In my last post, I presented a case study about Howard, the owner of a successful manufacturing company.
When Howard passed away without a suitable buy-sell clause to ensure an orderly transfer of his ownership interest, all of the business’s stakeholders were caught in the crossfire. These included the other shareholders, his wife and his children.
Today, I have another case study that ends on a more positive note. Why? Because these shareholders did it right at the outset.
Chris and Tom were equal partners and shareholders in an electrical contracting company. When they commenced operations, they instituted a shareholders agreement that included a clear and comprehensive buy/sell clause.
This clause stipulated that, should one shareholder, or his estate, want to sell or transfer their shares in the company, the other shareholder had the right of first refusal. This ensured that no shares would be sold to an unknown third party. It also ensured there would be a market for selling or transferring the shares.
The clause that leaves nothing to chance
A key element of a sound buy/sell clause is a defined mechanism for determining how the purchase price of the business’s shares will be determined. In this instance, Chris and Tom had agreed to use the adjusted book value of the company, plus goodwill. Goodwill was defined as one year of the company’s average earnings before interest, taxes, depreciation and amortization (EBITDA).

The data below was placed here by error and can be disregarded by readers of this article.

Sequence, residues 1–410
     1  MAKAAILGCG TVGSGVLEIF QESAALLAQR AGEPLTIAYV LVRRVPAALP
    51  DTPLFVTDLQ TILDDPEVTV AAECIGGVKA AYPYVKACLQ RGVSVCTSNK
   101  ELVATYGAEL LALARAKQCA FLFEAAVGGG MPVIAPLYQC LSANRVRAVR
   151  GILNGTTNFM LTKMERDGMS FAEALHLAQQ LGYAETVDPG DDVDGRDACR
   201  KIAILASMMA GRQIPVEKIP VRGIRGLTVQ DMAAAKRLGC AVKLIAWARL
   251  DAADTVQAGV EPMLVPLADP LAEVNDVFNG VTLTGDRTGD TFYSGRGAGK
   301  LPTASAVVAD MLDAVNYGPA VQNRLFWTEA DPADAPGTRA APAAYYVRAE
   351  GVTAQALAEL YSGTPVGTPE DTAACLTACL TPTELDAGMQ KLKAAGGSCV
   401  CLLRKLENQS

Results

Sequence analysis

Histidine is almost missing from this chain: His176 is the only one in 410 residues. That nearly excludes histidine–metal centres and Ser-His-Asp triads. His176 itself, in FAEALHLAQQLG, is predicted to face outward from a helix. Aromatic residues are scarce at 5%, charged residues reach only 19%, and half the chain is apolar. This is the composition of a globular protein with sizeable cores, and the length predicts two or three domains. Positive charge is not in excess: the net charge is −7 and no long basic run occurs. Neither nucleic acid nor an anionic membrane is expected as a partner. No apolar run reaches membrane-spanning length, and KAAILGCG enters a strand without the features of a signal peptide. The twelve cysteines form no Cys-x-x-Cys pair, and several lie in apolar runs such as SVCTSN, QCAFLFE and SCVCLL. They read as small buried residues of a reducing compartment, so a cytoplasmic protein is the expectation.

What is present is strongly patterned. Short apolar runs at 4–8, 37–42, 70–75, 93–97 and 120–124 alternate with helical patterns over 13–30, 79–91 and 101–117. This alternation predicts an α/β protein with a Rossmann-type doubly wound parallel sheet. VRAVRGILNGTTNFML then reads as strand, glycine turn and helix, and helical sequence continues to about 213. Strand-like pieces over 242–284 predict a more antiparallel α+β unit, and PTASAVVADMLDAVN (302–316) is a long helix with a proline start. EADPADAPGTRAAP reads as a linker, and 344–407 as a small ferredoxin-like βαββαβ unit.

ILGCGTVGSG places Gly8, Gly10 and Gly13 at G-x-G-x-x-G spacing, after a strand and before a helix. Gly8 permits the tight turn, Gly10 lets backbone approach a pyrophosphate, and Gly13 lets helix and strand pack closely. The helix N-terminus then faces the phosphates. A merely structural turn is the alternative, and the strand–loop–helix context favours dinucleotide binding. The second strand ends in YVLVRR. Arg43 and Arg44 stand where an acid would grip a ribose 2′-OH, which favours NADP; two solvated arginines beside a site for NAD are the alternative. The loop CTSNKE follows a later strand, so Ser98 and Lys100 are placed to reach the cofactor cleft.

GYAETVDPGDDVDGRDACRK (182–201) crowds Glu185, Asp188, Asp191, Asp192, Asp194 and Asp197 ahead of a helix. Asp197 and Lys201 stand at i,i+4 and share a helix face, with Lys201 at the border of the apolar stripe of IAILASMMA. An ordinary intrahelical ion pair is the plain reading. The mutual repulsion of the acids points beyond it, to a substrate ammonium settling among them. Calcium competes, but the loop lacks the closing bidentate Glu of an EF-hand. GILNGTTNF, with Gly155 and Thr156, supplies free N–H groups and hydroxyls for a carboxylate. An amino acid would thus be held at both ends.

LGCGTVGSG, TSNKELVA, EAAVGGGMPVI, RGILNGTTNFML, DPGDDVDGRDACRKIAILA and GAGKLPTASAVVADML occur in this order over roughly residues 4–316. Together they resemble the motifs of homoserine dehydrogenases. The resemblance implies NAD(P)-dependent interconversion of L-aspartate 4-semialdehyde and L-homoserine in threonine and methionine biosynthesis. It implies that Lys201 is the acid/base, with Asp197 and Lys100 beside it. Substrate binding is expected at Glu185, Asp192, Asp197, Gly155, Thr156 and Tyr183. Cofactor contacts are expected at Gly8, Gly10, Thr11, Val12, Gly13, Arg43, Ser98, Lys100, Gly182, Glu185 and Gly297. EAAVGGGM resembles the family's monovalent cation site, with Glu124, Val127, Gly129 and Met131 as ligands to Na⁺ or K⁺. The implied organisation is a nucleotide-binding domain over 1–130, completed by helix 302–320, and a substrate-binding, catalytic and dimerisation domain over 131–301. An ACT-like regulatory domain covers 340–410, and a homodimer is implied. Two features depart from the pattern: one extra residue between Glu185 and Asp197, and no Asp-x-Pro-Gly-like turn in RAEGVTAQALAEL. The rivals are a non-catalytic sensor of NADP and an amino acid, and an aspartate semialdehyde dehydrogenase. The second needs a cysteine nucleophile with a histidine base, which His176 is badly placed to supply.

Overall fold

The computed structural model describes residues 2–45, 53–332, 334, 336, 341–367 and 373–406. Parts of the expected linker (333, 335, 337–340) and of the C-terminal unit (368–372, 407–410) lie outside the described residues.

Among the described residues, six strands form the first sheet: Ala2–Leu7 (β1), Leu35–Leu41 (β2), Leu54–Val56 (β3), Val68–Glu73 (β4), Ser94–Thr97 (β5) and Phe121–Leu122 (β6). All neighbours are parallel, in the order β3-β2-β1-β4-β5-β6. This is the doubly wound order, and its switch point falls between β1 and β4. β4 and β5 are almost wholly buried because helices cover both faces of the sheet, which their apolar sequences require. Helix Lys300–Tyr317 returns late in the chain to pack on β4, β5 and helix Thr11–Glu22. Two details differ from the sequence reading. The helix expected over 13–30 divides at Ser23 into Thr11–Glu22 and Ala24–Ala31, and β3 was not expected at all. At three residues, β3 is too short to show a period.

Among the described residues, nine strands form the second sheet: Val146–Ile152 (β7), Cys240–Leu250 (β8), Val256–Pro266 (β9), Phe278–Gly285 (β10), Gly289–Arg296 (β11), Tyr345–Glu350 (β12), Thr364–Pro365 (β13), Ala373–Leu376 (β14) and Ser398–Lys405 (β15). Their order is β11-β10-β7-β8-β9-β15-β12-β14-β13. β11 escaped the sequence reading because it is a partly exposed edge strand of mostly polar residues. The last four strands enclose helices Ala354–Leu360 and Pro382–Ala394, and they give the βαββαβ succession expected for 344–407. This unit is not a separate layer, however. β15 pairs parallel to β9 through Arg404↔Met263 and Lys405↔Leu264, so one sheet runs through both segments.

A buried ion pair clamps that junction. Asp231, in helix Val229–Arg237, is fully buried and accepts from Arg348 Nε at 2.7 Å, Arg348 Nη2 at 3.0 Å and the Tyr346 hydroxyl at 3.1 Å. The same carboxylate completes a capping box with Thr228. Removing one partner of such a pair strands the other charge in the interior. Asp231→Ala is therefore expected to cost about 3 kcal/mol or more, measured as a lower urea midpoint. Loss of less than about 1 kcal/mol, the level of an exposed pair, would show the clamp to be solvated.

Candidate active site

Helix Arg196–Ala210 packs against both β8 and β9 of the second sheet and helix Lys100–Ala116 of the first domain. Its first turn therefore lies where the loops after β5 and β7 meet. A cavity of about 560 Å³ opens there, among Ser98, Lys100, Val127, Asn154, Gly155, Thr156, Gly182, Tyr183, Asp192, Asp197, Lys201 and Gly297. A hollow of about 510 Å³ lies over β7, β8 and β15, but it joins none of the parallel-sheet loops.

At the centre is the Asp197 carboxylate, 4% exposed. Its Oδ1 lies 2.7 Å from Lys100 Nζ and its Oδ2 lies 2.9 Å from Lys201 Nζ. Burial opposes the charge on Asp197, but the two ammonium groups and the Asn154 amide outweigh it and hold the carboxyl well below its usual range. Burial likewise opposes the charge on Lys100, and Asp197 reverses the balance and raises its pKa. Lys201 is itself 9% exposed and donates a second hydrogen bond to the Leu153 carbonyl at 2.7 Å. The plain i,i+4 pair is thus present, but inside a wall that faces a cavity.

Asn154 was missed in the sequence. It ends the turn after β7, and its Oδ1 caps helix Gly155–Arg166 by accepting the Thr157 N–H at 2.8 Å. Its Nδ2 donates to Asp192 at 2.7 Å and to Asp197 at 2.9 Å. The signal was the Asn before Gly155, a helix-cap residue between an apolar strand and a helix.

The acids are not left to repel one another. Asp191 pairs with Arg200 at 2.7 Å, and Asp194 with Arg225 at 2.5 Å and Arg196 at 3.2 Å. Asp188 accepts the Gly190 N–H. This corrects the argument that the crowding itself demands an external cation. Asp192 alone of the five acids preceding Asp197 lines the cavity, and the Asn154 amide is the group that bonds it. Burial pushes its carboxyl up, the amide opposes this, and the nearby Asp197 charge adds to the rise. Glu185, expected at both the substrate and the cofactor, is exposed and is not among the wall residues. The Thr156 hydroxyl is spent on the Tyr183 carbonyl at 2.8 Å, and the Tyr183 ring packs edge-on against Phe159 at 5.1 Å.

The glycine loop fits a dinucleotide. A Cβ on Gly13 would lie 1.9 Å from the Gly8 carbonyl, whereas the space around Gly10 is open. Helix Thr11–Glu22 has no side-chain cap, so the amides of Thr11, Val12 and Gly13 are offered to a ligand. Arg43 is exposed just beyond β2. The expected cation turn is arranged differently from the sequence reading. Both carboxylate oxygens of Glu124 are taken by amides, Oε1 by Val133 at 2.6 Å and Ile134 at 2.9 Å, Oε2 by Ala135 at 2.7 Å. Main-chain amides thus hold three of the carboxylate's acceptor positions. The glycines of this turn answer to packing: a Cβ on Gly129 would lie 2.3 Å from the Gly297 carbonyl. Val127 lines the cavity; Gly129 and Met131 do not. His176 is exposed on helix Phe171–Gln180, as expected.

In addition, the buy/sell clause stated that:
- The purchase price would be calculated by an independent valuation professional.
- The valuation report would be paid for by the company.
- The purchase price would be paid for with life insurance policies on the shareholders that listed the company as the beneficiary.
- In the event there was not enough insurance in place, the remaining balance of the purchase price would be paid in 60 equal instalments of principal and interest.
- To insure the partners remained adequately insured to cover the purchase price, a valuation of the company was performed every two years.
Put to the test
Tragedy struck after Chris and Tom had been in business for over 20 years. Tom lost his son in an automobile accident.
The loss had a profound impact on Tom. His focus on, and performance in, the business deteriorated to the point where Chris was bringing in most of the contracts and managing most of the projects.
The partners agreed it was time for Tom to exit the business. Because they had a clear and understandable buy/sell clause, Chris was able to quickly buy Tom’s shares. The only point of contention was the value of some of the machinery and equipment, and they agreed to defer to a valuation by a professional appraiser.
A year after the buyout, Chris decided he didn’t want to be a business owner any longer. With the advice of a valuation expert, Chris spent the next two years marketing the business to potential buyers, and ultimately sold it to a general contractor that had decided to open an electrical contracting division. As part of the deal, Chris was hired as vice-president of that division.
Tom got the quick exit he needed, under fair and equitable terms. Chris, at 52 years old, was able to finance his retirement, budget for his kids’ post-secondary education, and land a new job with the general contractor that paid $200,000 a year.
If you need further information, reach out to your McCay Duff advisor.
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